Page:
Since 2014, Swimsol has installed 500 kWp of its ocean-floating PV platforms, coupled with an additional 5 MWp of rooftop arrays, almost exclusively in the Maldives. With around 200 Maldivian islands, the location of high-end resorts and their requisite high electricity demand, the company’s technology and business model is scaling fast. Swimsol expects to install another 1 MW of floating PV and 9 MW of rooftop PV in 2020.
The rapid pace at which floating solar has progressed from an unlikely idea to commercial projects has taken many PV industry observers by surprise. While there are numerous technical challenges to both the development and ongoing operation of floating arrays (see pp. 36, 37), the rate of innovation in the segment has been impressive.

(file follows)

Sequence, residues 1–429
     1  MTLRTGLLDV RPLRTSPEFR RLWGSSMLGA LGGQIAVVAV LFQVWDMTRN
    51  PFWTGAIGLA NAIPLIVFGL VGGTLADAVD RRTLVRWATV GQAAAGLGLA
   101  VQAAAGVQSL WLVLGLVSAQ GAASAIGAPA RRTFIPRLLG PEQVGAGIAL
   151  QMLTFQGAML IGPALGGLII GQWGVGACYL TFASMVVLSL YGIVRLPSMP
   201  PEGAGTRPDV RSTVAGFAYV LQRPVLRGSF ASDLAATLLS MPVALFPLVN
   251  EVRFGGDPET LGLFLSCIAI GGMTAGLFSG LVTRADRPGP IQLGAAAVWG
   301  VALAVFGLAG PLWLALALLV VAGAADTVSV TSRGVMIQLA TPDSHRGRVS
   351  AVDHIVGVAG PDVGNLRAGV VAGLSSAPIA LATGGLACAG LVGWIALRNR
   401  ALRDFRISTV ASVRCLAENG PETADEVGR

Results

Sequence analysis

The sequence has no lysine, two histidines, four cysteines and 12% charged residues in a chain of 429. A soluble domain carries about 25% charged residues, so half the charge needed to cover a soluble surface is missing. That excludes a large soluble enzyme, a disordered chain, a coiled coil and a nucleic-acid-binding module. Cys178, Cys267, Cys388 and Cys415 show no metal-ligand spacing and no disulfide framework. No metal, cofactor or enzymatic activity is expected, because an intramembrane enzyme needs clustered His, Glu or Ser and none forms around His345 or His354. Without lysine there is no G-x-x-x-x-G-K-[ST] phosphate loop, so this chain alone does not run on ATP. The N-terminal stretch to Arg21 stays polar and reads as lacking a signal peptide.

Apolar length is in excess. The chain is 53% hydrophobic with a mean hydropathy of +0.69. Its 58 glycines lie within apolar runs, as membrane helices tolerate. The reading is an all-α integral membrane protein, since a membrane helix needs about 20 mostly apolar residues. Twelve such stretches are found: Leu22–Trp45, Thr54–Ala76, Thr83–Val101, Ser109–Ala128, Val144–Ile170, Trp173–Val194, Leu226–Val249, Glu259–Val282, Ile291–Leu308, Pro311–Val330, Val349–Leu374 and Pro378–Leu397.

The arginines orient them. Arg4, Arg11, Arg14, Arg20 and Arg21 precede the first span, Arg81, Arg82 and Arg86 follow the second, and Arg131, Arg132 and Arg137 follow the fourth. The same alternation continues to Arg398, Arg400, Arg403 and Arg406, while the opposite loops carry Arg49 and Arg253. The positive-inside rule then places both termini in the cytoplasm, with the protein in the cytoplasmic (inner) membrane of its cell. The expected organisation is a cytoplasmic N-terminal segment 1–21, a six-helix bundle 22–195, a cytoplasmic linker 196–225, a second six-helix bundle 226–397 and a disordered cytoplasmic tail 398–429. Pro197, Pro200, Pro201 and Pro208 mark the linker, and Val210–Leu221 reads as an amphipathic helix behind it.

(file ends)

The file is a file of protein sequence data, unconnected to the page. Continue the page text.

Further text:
In “Where the Sun Meets the Water: Floating Solar Market Report,” the Solar Energy Research Institute of Singapore (SERIS) noted that in 2018, 786 MW of floating PV was installed globally – representing more than half of the cumulative floating capacity to date. Thomas Reindl, deputy CEO of SERIS, said that the institute’s work on the subject looks to engage both public and private stakeholders, “while minimizing possible negative environmental and social impacts” of floating PV development.